TO CREATION Creation gave us the eagle and the snake. From myths, celestial waters mingling with the oceans of the Earth. Evaporation happens between worlds, leaves the flowers stiffened and the clouds drooping. Some drops stay behind in tiny rock-bound wells. The eagle can take wing and quickly disappear. The snake slithers beneath heaps of stones. Ascent is answered by descent. Moss-pocked trees provide shelter from sun-fire. Fields flutter like green handkerchiefs. Wind is a scented gift. The grass plays like children. The eagle’s head is as proud as a mountain’s jaw. The snake’s skin is an ancient hieroglyphic. Life sprouts unalike in different places. Used tenderly, nature is a mother’s lap. Even graves grow beards. AS LUCK WON’T HAVE IT I purchase the newspaper. The others in line buy scratch tickets, play their favorite numbers. I’m willing to give my life a rest for a while, delve into page after page of how badly others have it. But my queue-mates are caught up in the idea of luck, usually bad, but just a chance, maybe, who knows, that good will come of it. Try telling that to the victims of a Bangladesh tsunami. Or a gangland shooting in our own fair city. These men, these women, figure they’ve dreamed enough, it’s time to take their chances. They hand over the money, then stash imagined millions in their pocket, or take out a coin, rub away, unveil fate. Sure they’re disappointed when ping-pong balls disobey their clenched-fist prayers or the symbols don’t line up. But hope’s a cruel master. Next day, the day after that, we’re back in the same line. I purchase another round of someone else’s problems. They dig into wallets, purses, intensify their own. THE KISSING COUPLE I was witness to, on the steps of the courthouse, contradictory compulsions operating publicly and passionately at full speed. There, in the shadow of a Gothic edifice of logic and reason, a couple indulged in a fervent, ardent, hug and kiss. It may have been impromptu to them but, to we unwitting subjective onlookers, it was an action totally at odds with those judicious surrounds. The things is you just can’t succumb to over-agitated hormones in sight of three lawyers, a judge, a US marshal, two taxi drivers, and a passing school bus. An overwhelming sense of decorum applies every day to where everybody is. Your emotions have a responsibility to the rest of us. Besides, who knows what effect a stranger’s happiness can have on an unwitting onlooker. I might be recently widowed. That well-dressed woman could be the one hard-done-by in a breakup. So, if you’re going to be shameless, please choose surrounds more amicable Or try a little self-consciousness. That way no one will know you’re there.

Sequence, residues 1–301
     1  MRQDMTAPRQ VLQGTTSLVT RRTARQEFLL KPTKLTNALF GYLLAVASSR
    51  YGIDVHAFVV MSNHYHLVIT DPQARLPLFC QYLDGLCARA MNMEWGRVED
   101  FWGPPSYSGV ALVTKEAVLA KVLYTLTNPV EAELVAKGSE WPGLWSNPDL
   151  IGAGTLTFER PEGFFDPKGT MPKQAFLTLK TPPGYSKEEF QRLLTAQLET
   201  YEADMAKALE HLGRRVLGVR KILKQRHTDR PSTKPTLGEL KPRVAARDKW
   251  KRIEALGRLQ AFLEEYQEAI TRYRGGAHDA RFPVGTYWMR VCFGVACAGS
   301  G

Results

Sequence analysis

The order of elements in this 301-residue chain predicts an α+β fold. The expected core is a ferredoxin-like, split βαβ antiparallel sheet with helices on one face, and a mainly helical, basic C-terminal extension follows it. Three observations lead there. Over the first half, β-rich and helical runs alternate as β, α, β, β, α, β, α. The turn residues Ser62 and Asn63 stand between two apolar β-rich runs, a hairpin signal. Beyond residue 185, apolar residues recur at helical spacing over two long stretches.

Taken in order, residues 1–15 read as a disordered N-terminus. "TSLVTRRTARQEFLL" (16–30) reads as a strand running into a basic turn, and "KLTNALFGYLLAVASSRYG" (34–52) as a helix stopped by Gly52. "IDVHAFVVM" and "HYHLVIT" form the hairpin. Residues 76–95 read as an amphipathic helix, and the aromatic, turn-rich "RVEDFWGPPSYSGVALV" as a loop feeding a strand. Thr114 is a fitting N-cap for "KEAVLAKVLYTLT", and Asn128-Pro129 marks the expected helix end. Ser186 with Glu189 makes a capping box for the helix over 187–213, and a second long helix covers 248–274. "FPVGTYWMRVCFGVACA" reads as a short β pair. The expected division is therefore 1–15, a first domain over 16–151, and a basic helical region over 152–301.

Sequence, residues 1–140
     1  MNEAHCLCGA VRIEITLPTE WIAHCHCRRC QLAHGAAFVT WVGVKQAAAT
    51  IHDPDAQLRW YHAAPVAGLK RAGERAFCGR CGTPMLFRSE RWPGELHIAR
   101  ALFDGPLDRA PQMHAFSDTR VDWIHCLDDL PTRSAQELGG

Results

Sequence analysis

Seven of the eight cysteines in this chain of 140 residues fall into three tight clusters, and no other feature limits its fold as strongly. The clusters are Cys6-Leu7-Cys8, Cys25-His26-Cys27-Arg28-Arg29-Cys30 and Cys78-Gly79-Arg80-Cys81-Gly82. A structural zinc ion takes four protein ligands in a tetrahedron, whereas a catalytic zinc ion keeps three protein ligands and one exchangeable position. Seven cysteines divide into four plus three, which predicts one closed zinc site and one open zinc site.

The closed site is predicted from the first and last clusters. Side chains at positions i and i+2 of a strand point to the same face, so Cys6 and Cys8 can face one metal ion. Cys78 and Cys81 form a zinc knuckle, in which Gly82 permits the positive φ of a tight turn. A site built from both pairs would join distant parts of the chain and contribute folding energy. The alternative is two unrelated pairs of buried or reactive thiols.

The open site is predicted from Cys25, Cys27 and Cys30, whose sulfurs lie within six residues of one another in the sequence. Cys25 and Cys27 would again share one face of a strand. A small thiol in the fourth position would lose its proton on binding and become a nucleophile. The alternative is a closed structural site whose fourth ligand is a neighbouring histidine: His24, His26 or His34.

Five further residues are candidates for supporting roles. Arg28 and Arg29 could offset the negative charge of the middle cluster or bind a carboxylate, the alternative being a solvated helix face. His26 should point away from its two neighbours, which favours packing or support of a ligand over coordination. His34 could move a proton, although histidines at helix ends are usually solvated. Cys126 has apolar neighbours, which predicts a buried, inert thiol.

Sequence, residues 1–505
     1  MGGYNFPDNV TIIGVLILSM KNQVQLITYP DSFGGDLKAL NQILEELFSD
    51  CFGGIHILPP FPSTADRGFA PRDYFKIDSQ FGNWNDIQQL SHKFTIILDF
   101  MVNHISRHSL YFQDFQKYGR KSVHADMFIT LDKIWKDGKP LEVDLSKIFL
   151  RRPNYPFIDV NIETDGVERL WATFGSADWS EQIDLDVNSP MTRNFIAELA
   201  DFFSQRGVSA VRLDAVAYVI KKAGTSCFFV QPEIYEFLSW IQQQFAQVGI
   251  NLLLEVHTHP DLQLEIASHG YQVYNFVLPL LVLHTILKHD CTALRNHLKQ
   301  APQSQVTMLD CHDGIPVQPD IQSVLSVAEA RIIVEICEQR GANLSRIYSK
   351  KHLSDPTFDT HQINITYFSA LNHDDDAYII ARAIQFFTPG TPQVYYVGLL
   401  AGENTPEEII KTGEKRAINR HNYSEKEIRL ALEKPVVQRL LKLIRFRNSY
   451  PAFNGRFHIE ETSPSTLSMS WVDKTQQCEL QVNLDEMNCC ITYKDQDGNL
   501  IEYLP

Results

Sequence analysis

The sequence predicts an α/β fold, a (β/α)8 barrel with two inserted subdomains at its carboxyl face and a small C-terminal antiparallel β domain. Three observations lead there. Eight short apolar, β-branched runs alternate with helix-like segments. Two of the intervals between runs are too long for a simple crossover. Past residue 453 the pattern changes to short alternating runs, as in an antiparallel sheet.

John Grey is an Australian poet, US resident, recently published in Sheepshead Review, Poetry Salzburg Review and Hollins Critic. Latest books, “Leaves On Pages” and “Memory Outside The Head” are available through Amazon. Work upcoming in Lana Turner and International Poetry Review.
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